America's Cup soccer game. My brothers-in-law and I had a great time watching Mexico beat Uruguay 3-0 in the game that determined third place in the America's Cup. The match was almost as cool as watching my father-in-law buy tickets illegally from a scalper in a place that was swarming with security.
Spencer's opening: It was great to see so many people show up for Spencer's opening at the Museo de Arte Contemporario, and great to share a delicious plate of octopus with the artist himself. The best thing was seeing my wife featured in one of the exhibits.
General observations on Venezuela and President Chávez:
While I love La República Bolivariana de Venezuela, I'd have a hard time living there. I don't think that learning the language would be the problem, but I'd have a tough time living year-round in a place where crime is so high and where you have to be so careful all the time and where a simple trip to the bank can turn into many trips to the bank and many agonizing hours lost because nothing ever seems to work.
President Hugo Chávez is pretty much demonized in the American media. On the CNN Youtube Debates, he was bunched together with Kim Jong Il and several other leaders we deem evil or oppressive. This is a joke.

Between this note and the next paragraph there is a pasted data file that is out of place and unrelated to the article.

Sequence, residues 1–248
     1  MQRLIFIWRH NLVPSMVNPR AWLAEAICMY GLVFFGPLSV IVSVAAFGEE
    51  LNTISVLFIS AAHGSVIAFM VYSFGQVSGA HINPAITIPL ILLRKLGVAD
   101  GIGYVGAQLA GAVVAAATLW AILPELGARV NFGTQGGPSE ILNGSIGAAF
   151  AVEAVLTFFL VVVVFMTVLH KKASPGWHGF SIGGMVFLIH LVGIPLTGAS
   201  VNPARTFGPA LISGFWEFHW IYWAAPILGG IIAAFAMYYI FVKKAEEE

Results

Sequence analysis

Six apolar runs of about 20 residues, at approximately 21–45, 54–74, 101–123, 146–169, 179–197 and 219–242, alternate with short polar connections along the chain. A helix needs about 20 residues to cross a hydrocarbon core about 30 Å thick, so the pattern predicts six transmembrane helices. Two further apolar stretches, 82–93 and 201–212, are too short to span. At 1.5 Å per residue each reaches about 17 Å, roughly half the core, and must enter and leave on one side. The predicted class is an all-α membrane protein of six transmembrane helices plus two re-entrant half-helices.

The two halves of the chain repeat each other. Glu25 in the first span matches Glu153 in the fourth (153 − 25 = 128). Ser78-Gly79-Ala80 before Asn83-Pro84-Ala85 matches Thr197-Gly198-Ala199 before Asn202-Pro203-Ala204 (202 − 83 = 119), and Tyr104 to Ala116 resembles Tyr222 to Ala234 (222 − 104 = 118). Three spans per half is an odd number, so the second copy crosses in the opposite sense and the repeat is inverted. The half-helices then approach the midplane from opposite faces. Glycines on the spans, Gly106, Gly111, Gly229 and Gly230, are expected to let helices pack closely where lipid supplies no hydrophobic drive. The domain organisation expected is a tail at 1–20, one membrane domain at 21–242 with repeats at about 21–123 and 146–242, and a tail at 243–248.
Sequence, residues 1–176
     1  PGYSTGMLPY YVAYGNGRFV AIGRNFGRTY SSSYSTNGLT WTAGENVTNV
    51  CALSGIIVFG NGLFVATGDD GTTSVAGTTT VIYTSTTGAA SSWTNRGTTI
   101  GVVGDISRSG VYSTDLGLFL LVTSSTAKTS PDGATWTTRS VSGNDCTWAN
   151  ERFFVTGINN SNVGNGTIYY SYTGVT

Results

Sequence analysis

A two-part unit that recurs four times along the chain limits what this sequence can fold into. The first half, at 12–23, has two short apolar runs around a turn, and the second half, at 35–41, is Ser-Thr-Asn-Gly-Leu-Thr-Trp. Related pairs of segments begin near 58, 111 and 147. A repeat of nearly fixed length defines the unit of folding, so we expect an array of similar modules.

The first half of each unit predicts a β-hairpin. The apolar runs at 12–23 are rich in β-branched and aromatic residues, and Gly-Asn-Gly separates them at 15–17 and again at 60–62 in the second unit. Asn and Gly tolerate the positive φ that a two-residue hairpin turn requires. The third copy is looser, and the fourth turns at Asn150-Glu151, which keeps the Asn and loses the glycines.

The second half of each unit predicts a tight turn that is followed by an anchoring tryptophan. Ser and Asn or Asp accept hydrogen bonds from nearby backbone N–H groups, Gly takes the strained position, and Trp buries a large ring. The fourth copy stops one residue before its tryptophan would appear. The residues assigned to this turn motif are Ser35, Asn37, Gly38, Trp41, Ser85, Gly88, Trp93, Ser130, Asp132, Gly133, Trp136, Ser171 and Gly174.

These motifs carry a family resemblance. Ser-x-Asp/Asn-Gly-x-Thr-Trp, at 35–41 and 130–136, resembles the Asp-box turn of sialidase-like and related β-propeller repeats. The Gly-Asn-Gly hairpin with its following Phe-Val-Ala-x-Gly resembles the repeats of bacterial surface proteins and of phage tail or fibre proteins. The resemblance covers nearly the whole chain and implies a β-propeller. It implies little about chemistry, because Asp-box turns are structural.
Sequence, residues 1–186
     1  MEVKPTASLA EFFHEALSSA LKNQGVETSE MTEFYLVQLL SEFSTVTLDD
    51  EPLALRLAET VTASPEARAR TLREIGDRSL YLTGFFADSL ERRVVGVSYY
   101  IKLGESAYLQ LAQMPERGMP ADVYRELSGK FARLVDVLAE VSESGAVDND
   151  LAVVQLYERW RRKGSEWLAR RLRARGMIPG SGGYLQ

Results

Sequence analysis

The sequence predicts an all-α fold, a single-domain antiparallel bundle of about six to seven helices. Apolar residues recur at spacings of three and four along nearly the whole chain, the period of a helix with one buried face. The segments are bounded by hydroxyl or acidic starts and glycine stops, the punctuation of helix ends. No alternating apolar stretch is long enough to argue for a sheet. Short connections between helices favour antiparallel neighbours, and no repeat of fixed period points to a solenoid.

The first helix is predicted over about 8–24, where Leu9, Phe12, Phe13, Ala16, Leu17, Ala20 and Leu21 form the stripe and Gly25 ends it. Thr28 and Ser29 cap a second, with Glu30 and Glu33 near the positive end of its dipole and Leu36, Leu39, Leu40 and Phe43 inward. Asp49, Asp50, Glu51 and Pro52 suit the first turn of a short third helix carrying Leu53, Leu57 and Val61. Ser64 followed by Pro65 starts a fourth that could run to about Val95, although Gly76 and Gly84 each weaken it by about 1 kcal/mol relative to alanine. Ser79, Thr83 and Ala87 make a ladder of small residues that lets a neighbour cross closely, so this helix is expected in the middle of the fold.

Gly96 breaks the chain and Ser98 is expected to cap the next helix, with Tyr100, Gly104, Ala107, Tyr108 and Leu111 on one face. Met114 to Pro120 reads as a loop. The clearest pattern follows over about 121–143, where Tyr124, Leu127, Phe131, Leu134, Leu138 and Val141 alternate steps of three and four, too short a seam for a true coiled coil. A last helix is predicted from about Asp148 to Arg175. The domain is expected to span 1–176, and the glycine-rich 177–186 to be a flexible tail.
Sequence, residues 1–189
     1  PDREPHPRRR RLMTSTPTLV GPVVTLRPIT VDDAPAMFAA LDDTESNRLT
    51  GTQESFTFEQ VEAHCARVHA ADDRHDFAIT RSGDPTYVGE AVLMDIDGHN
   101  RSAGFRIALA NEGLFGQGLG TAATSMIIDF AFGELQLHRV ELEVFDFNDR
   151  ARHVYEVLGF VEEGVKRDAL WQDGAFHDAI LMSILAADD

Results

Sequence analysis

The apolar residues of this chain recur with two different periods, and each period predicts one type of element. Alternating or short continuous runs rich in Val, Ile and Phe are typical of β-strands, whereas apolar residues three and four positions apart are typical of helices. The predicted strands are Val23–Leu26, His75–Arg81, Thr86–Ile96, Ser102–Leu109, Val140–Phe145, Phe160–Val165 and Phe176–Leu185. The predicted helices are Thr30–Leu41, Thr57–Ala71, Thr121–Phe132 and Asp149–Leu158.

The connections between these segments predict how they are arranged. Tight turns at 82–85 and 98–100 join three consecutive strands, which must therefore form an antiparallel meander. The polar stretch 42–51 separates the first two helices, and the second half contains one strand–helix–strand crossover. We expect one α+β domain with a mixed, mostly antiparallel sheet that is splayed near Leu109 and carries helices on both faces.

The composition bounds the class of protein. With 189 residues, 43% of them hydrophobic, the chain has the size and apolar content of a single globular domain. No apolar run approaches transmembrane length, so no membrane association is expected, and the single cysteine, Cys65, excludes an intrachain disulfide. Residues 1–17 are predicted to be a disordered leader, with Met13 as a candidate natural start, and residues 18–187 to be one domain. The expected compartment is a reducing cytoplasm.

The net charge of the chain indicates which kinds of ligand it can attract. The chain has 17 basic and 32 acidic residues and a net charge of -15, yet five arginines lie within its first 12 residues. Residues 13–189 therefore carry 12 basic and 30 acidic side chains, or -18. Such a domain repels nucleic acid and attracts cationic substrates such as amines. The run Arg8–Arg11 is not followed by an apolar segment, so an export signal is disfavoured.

My perspective of Venezuela is based on visits that occur every two years. Since my first visit, when the country was devastated by landslides and untold death counts, I have seen highways and bridges built, the subway system expanded, shopping malls erected, cars purchased and a general increase in commerce and construction.
That said, Caracas is still one the most chaotic and dangerous cities in the world. There is trash everywhere and the traffic is horrible.
Under Chávez the majority of the people, the ones living in absolute poverty, have received better health care. They are going to school. They are learning to read. They are voting.
Of course there is still a terrible animosity that exists between social classes and, in many cases, between family members. Much of this can be blamed on Chávez, who rails against the rich.
There also continues to be widespread corruption during Chávez' administration and a general lack of infrastructure, which is a disappointment. I also cannot say I approve of his closing of a public, anti-Chávez television station.
Hugo Chávez is a problematic leader, but on the whole it seems progress has been made. Why, then, is he made such a pariah by the American media? It just may have something to do with the fact that Venzuela is the world's fifth leading oil producer and that Chávez is a socialist. It's so obvious that the U.S. had its hands all over his very temporary removal from office. Look at any dirty regime change in South America and you will probably find U.S. fingerprints all over it.
Hugo Chávez. Crazy? Yes. Evil? No. Friend of Castro? Yep. Communist? Nah. Democratically elected? Oh yeah. A threat to the U.S.? Hell no.